When this approach was first suggested in the �60s, it wasn�t practical. Through-focus methods depend upon beams with all electrons at nearly the same energy, and not until the early 1990s did beam sources become stable enough for medium-voltage instruments to operate reliably.

In 1993 NCEM secured the funds to acquire a suitable instrument, a Philips CM300. Researchers working in the European Commission�s BRITE-EURAM program had set out to build a new generation of high-resolution, medium-voltage electron microscopes and invited NCEM to be a partner in the project, based on NCEM�s high-resolution expertise, including O�Keefe�s theoretical work on computer-processing series of images.

Although the standard CM300�s resolution limit was 1.7 angstroms and its information limit was 1.05 angstroms, O�Keefe laid out improved specifications that would bring the information limit well below 1.0 angstrom; in this way, using focal-series reconstruction to correct the phases of image components beyond the direct resolution, he planned to achieve resolution significantly better than 1 angstrom.

Results confirm the O�M �s capacity to produce phase-scrambled information far beyond 1.7 angstroms and turn it into higher resolution.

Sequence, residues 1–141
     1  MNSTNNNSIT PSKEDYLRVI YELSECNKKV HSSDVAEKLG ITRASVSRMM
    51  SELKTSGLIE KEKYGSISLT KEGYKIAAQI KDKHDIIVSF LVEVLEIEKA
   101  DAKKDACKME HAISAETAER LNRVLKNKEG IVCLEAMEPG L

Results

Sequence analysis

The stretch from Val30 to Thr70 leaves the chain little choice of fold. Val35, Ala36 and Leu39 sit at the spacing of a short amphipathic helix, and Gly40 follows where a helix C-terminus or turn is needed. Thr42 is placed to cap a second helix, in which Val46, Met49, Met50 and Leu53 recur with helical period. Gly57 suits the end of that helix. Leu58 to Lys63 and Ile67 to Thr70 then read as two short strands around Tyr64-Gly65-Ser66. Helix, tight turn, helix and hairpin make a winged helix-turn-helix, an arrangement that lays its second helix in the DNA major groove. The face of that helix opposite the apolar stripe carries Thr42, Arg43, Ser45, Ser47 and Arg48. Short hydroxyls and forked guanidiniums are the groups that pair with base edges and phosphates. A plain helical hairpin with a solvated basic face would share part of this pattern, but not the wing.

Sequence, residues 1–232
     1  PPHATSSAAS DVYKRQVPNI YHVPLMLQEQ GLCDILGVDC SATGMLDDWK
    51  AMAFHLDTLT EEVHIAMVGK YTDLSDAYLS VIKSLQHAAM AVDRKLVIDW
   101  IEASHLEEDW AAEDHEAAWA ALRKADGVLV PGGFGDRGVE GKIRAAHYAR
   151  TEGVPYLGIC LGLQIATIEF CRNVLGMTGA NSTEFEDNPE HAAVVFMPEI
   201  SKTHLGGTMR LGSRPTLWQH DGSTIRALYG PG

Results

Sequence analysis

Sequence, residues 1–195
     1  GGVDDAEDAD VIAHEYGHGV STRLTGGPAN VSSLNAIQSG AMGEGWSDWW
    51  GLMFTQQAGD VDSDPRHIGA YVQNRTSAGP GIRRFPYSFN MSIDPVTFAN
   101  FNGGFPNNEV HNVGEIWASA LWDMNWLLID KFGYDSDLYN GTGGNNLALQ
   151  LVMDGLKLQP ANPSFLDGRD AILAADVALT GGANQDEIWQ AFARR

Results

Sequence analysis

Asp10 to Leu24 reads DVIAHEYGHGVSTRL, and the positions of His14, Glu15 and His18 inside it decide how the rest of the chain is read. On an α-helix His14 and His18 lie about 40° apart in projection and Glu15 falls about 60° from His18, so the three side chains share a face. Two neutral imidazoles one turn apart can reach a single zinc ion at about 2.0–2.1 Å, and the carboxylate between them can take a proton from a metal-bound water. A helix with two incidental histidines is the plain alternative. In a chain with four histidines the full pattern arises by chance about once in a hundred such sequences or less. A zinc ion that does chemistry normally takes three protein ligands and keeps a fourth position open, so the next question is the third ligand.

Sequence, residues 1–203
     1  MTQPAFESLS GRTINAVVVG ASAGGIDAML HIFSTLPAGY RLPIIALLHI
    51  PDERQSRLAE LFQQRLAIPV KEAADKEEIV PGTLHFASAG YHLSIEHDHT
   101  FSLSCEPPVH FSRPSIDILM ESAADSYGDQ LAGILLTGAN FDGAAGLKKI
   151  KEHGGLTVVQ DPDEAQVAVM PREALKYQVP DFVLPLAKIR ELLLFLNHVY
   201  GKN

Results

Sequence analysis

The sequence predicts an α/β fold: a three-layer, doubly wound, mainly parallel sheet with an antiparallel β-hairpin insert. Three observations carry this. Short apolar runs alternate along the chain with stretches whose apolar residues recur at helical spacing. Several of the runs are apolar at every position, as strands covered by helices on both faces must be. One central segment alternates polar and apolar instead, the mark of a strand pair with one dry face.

"In the case of gallium nitride, we made 20 different images, each with the scattered electrons interfering with different relative phases," says Christian Kisielowski. The computer unscrambles the electron waves and combines them into a single high-resolution image with all waves in phase. "It�s a way of going from the complexity of the lattice images produced by the O�M to the simplicity of crystalline structures."

Computer processing of focal-series images has allowed the O�M to reconstruct images with resolutions near its information limit. With diamond, Kisielowski and O� Keefe, working with Y.C. Wang, showed that the information limit extends to at least 0.89 angstrom. In January 2000, Kisielowski recorded an undistorted silicon lattice image, which with its Fourier transform suggests that the microscope�s resolution is 0.78 angstrom or better.

Because the O�M can only produce ultra-high resolution with samples less than a hundred angstroms thick, the Atomic Resolution Microscope, NCEM�s "grandfather," is far from being outmoded by its diminutive descendant. The ARM achieves superb resolution with thicker samples; it can perform dynamic experiments, and it allows for larger tilt angles than the O�M.

For its ultrahigh resolution the O�M stands as an achievement—but also as a challenge.

Says Kisielowski, "We�re aiming to investigate materials with even shorter bond lengths with the present information limit. We want to have procedures in place that work reliably and fast to make the experiments available to our user community as soon as possible. Colleagues from other laboratories have already started to share our excitement by investigating their own samples with the O�M."

Uli Dahmen, head of NCEM, is equally enthusiastic. "The one-angstrom barrier has been a Holy Grail for electron microscopists worldwide. The O�M makes a truly extraordinary addition to Berkeley Lab�s scientific �toolbox,� and I can�t wait to see what new discoveries it will bring for our users." — Paul Preuss